Multiple problems have to be overcome if the country is to meet its ambitious target of skilling 500 million people by 2022. "National Skill Development Corporation (NSDC) has become only a financing and monitoring institution, it is not playing any supportive role,"says Dr. Mukti Mishra, Chairman of Gram Tarang, a body that teaches vocational skills to youth in tribal and Naxal hit areas of Odisha and is funded by NSDC.
There are many layers to this problem and it begins with how bureaucratic controls are now kicking into the functioning of NSDC that was supposed to be an independent body. According to a CEO of a private company, the skill councils have to now depend on the various secretaries for the National Skill Qualification Certifications. The certification is necessary to avail benefits of the STAR Scheme, launched by the Congress-led government in August 2013, to give monetary compensation of up to Rs 10,000 to anyone who successfully completes skill training within one year.
To be sure, in the interim budget 2014, Finance Minister P. Chidambaram had even allocated Rs 1000 crore to the Skill Development Trust towards the objective of training up to 10 lakh youth within a year from the launch of this scheme. However, this decision is likely to be reconsidered by the Bharatiya Janata Party-led National Democratic Alliance government.
Stakeholders have been concerned about the manner of implementation of the STAR scheme and many other developments. "We have been asked to develop qualification pacts and evolve the skill standards that are necessary for each sector. Does everyone have the capability for that? Many are either buying the curriculum from some large players or are just copy pasting it," says Dr Mishra who is also the co-founder and President of Centurion University of Technology & Management, Odisha. He feels that the industry must introspect. "The Narendra Modi-led government can redefine the skill paradigm and they need to consult all partners. Certainly NSDC is a very good initiative, but it needs assistance in the way it has to reorient itself," he says.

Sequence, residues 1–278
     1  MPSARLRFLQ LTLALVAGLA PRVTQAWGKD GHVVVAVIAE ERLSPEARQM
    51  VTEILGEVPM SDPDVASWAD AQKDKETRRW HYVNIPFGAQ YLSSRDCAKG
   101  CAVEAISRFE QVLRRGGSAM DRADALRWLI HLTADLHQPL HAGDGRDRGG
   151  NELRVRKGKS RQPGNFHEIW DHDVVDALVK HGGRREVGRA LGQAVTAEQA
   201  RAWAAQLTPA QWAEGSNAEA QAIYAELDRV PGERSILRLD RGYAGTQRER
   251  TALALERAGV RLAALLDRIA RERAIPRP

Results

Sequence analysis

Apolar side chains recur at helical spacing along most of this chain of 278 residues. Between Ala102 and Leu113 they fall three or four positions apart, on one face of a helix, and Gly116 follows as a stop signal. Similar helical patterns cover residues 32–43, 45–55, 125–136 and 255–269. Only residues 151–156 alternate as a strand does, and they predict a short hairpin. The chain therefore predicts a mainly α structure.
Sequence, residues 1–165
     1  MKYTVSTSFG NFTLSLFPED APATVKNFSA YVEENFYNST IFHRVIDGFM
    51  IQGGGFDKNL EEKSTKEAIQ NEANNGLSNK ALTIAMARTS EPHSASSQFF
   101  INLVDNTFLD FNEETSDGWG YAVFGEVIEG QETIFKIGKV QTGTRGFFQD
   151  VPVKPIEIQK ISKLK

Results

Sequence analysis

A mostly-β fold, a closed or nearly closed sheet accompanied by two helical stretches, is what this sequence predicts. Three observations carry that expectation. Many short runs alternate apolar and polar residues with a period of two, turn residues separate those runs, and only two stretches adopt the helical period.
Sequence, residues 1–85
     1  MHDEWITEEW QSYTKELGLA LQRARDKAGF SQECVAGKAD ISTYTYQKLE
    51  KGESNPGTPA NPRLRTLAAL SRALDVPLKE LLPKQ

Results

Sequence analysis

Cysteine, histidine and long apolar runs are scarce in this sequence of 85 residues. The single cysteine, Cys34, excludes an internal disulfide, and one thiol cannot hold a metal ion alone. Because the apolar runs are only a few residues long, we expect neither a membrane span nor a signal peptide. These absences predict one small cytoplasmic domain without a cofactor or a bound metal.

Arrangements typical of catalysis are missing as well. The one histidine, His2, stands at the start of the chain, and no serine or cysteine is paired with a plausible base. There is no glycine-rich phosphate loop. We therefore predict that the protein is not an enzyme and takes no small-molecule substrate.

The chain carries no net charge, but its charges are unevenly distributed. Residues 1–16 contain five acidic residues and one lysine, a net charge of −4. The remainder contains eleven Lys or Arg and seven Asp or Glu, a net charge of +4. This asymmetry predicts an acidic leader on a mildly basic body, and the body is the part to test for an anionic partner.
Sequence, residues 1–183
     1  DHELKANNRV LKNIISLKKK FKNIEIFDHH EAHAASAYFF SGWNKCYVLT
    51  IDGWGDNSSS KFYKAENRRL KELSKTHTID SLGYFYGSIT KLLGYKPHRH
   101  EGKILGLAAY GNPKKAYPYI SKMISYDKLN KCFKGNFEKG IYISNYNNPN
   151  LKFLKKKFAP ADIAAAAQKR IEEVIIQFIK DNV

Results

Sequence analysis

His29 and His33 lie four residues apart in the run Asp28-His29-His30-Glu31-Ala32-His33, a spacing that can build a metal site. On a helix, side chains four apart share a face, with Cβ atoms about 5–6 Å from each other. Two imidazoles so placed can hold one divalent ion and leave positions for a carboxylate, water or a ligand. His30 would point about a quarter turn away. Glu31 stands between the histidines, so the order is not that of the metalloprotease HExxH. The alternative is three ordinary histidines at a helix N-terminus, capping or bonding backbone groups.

S. Ramadorai, who holds dual charge as chairman of NSDA and NSDC, feels that focus must be on implementation and execution: "There is no need for creating further new structures. We should strengthen existing institutions and ensure that these work towards the intended goals," he says.
For a while now the skill development stakeholders and experts have also suggested the setting up of a ministry focused on imparting skills. But given that many ministries are tasked with the skill development objective, the setting up of one more body is only likely to obfuscate the agenda. "The most important agenda ahead should be actually job generation and the revival of manufacturing, construction, agriculture, IT-ITeS and other related services sectors," sums up Ramadorai.
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